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clw_uk
28 Mar 15, 00:53
Hi guys,

My grandad, who helped raise me, was buried today. I would just like to share how much the Dhamma has helped me, and how grateful I am to The Buddha for travelling that difficult road to the ancient city. That journey flung open the doors to the deathless, and without his discovery the world would be poorer. Without the Dhamma my mind would have been overcome with grief, yet with the Dhamma my mind was cool.


Truly he found the path to ultimate peace.

Aloka
28 Mar 15, 09:10
I'm sorry that your grandfather has passed away, Craig.Thank you so much for sharing your understanding and appreciation of the Dhamma with us.

Your post reminded me of something Ajahn Sumedho said:




Now one thing you can recognise is that when you have a body, you have to live with your body for a lifetime. And these bodies are conscious and sensitive forms. This is just the way it is, this is what being born means. Bodies grow up, then they start getting old, then there's old age, sicknesses, diseases - this is a part of our human experience - and then death. We have to accept the death and separation of loved ones. This happens to all of us. Most of us will see our parents die, or even our children, or spouse or friends, loved ones. Part of all human experience is the experience of being separated from the loved.

By knowing the way it is, then you find yourself quite capable of accepting life and not being depressed and bewildered by the way life happens to be. Once you understand it and you see it in the right way, then you're not going to create any wrong views about it. You're not going to add to it with fears, and desires, and bitterness, and resentments and blame. We have the ability to accept the way life happens to us as individual beings. Even though we're terribly sensitive, we're also tough survivors in this universe.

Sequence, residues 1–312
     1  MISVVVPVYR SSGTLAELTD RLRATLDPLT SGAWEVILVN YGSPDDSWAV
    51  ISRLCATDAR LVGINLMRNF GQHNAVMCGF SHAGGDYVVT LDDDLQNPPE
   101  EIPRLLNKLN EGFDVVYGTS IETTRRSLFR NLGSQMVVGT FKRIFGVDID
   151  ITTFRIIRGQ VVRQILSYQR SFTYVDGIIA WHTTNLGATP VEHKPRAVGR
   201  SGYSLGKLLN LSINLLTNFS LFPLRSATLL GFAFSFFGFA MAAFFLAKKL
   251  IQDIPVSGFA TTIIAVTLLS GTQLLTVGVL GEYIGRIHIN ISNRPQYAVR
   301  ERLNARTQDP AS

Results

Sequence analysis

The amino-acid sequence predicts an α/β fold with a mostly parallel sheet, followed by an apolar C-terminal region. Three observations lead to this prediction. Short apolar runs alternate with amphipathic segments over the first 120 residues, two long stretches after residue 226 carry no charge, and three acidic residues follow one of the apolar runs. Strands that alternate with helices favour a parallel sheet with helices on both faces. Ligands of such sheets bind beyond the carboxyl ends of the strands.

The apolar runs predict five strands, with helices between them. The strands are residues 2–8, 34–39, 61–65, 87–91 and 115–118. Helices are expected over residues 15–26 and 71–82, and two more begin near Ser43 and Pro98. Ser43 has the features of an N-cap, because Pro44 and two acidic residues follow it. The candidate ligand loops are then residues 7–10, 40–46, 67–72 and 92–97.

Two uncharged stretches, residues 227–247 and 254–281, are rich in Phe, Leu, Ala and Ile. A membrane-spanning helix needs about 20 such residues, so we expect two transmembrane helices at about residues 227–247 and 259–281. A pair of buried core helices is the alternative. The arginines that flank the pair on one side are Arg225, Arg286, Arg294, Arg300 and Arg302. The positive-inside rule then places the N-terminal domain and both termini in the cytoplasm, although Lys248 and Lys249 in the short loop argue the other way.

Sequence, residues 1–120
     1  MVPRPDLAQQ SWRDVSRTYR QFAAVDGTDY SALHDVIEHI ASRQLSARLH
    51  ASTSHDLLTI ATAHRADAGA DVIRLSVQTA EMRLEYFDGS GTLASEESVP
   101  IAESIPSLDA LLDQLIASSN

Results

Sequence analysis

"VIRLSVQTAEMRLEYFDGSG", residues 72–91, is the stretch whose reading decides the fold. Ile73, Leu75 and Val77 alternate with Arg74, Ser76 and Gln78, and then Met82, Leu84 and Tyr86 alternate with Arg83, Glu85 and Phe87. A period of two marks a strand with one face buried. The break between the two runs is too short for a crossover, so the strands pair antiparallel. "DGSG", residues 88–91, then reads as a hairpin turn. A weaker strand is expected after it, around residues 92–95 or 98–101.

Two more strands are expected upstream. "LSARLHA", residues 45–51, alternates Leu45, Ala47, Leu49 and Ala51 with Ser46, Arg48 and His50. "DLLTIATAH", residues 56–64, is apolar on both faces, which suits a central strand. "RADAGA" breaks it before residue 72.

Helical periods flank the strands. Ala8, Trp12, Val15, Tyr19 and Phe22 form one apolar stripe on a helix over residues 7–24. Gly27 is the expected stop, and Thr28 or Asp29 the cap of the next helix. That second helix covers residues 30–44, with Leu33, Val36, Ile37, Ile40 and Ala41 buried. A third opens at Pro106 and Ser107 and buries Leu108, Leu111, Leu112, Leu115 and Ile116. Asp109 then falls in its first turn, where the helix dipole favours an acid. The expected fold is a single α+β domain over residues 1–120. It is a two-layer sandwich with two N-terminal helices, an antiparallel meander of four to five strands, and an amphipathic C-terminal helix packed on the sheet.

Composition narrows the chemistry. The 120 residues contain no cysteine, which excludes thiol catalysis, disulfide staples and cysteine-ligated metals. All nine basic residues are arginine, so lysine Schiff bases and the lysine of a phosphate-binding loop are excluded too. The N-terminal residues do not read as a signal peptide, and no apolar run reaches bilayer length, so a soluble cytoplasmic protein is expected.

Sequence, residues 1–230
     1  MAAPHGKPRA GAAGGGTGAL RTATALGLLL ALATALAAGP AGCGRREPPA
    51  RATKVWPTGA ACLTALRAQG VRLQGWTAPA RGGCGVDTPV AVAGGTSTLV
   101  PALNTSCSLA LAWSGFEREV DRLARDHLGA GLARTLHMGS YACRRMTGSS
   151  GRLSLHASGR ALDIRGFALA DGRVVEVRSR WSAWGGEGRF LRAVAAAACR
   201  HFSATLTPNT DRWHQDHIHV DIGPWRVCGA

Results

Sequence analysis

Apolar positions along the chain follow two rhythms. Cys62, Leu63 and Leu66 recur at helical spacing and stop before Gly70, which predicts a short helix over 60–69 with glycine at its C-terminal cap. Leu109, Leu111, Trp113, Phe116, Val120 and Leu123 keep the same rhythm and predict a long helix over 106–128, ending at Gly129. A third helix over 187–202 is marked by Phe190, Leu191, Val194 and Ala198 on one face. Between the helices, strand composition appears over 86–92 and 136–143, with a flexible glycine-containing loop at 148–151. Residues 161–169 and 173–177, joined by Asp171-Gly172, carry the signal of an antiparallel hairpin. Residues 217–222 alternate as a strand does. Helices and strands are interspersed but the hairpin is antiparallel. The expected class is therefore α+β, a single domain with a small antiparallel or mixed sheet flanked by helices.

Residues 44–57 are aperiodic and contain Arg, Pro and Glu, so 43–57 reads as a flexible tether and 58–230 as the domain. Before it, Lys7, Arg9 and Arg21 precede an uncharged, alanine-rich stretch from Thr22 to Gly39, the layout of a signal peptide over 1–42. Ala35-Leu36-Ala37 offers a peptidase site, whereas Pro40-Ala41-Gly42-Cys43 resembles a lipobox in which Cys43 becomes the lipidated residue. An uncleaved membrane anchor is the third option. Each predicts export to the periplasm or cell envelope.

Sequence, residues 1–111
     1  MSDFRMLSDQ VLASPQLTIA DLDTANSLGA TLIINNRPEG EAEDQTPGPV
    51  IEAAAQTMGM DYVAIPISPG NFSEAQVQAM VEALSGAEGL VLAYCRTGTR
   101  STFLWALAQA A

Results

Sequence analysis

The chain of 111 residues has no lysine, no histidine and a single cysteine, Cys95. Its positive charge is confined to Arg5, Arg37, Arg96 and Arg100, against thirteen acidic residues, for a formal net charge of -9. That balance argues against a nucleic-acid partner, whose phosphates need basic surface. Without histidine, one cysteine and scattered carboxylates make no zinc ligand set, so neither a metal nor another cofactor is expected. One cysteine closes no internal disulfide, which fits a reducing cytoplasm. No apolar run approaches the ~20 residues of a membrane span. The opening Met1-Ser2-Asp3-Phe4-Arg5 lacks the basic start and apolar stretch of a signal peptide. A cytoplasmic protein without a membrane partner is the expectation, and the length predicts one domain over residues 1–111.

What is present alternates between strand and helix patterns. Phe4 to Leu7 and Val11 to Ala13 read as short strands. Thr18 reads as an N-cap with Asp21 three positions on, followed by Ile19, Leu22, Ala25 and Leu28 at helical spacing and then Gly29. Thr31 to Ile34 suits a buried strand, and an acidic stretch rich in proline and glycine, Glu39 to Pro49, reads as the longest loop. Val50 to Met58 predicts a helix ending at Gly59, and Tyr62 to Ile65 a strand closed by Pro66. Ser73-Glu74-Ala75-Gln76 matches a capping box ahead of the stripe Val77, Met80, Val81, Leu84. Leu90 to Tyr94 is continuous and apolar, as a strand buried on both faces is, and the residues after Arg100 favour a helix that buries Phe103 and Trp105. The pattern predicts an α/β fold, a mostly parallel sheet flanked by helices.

You look at where human beings manage to live, like Eskimos up in the Arctic and people in deserts. In the most uninviting places on this planet there's usually human habitation. When forced to, we can survive anywhere.

Understanding Dhamma then allows us also to have a fearless attitude. We begin to realise that we can accept whatever happens. There's really nothing to be afraid of. Then you can let go of life; you can follow it, because you're not expecting anything out of it, and you're not trying to control it. You have the wisdom, the mindfulness, the ability to roll with the flow, rather than to be drowned by the tidal waves of life.

http://www.dhammatalks.net/Books9/Ajahn_Sumedho_Consciousness_and_Sensitivity.htm


:candle: :candle: :candle:


E-mail me anytime if you want to have a chat.

With metta,

Aloka xx

clw_uk
28 Mar 15, 19:30
Thanks Aloka, that's a wonderful passage :)

woodscooter
29 Mar 15, 10:46
I'm sorry to hear of your loss, Craig. I'm sure you will always have fond memories of your grandad, even though he himself has passed away.

-- Woodscooter.